The universe is running out of energy. Our individual lives are running out of time. I won’t live forever, you won’t live forever, and the universe won’t last forever. What happens then? The vacuum of no time, no space, no being, where once was an entropic cosmos? Or the glory which is Heaven, Timeheart, Aslan’s Country? I believe in the Apocalypse because I believe in the latter option. I believe that God will start things over with a new story.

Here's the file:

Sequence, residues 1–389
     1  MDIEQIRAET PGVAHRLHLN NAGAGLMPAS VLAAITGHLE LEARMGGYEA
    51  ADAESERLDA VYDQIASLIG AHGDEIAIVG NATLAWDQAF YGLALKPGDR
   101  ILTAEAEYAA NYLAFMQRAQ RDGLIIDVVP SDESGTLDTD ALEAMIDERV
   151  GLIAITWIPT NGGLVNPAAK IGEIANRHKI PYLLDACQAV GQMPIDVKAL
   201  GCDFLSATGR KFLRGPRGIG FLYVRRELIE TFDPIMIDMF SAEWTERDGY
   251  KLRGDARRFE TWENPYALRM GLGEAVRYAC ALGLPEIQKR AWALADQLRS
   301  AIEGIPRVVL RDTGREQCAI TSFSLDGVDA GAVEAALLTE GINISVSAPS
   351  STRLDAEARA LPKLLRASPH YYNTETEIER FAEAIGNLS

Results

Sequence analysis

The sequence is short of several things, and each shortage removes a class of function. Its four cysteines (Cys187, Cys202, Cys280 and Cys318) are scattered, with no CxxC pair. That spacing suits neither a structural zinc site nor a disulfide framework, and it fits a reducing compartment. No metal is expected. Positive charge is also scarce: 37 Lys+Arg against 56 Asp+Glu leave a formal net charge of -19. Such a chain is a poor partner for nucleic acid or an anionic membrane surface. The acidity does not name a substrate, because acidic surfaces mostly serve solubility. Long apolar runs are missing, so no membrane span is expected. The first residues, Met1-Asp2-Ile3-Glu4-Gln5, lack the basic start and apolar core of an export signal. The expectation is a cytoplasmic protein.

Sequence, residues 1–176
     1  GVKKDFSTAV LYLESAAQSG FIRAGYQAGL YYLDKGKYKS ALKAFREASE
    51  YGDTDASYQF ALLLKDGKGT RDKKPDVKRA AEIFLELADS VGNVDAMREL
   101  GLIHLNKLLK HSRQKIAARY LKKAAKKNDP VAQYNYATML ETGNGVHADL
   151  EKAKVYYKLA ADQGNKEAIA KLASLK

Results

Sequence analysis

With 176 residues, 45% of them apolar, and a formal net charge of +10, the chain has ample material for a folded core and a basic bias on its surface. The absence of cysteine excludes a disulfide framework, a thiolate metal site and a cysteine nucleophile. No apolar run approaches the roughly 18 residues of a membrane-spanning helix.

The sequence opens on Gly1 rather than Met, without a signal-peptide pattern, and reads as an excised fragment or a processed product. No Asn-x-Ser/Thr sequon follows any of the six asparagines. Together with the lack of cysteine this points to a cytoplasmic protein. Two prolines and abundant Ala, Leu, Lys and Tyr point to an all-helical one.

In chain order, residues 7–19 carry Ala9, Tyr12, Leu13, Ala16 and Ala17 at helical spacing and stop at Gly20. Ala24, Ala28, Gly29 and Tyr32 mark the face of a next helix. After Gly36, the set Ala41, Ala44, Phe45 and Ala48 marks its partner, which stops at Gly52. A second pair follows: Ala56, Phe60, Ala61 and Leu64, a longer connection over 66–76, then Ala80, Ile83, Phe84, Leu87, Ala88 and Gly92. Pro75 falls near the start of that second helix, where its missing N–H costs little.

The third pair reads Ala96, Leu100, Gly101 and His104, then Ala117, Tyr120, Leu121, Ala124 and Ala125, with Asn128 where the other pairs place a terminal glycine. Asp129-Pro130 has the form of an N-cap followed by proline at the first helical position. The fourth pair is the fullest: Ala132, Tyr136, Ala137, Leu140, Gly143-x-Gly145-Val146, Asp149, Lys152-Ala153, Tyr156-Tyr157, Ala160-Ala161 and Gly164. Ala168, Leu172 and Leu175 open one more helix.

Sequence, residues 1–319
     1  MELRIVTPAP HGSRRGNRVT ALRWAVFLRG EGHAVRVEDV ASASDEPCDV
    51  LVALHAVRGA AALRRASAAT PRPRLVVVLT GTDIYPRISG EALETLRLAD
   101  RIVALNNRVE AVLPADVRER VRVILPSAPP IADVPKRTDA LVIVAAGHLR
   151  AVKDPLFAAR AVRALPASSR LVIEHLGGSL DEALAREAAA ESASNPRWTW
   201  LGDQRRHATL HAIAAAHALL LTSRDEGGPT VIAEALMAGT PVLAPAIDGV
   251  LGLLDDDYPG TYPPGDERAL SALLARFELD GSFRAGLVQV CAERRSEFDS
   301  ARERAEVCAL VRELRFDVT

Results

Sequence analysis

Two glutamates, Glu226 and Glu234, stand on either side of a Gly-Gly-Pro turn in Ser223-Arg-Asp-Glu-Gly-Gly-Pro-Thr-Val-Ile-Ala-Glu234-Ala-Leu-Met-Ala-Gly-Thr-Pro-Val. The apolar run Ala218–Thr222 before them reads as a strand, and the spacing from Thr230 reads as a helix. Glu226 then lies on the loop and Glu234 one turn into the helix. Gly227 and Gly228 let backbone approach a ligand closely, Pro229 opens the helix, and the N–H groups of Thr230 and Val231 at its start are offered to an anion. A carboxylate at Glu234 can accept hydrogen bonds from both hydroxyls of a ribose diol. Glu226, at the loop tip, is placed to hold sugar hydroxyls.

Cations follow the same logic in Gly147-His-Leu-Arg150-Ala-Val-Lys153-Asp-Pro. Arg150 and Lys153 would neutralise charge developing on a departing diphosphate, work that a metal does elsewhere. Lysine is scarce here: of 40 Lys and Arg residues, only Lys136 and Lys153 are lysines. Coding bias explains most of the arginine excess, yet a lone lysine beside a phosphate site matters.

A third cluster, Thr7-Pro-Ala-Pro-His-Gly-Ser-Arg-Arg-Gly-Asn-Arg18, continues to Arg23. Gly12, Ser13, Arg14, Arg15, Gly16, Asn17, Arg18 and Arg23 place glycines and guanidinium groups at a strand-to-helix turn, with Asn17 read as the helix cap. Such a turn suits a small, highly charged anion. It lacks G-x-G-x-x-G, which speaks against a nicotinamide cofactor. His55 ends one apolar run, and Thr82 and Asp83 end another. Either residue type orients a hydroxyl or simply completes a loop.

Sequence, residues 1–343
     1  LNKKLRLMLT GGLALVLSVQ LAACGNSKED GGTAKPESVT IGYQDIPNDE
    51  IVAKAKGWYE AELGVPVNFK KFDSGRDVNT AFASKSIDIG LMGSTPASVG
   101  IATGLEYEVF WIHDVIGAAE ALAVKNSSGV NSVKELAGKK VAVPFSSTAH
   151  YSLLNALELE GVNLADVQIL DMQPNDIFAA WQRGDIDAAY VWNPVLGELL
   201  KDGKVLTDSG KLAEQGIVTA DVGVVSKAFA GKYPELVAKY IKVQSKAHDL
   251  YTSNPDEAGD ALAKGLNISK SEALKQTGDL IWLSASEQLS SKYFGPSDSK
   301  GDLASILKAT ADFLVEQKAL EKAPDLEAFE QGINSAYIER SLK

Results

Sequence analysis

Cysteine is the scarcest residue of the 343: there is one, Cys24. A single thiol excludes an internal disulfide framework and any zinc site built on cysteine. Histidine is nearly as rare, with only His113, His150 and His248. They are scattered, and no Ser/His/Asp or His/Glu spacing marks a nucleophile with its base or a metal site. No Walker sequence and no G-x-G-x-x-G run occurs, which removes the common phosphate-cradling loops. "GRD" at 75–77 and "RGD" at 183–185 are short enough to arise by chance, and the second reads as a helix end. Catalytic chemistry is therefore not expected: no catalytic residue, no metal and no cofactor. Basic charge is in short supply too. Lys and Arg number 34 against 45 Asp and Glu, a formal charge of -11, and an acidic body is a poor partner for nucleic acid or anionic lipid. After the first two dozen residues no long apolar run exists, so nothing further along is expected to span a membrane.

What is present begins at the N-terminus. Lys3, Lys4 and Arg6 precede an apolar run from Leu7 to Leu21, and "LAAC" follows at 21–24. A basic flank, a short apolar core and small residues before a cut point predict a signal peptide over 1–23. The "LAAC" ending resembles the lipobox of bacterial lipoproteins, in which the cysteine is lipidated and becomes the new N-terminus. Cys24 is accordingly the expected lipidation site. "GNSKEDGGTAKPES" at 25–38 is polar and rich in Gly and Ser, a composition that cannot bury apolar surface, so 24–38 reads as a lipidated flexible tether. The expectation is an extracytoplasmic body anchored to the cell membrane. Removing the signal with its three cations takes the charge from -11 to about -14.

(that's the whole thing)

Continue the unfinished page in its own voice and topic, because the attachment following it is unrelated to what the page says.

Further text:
I don’t believe, though, that the end of the world as we know it will necessarily involve God finally strong-arming the human race into believing, submitting, and accepting due punishment. I don’t think the Apocalypse will look like we expect it to any more than the first coming of the Lord looked like it was expected to. And I don’t think the God who entered into a cluster of cells in a girl’s womb, was born in poverty and obscurity, and submitted to public execution is going to turn out to be a merciless bully when the veil is pulled back and his intentions are carried out. It wiil be the end of the world as we don’t know it and never imagined it, what eye hath not seen and ear hath not heard.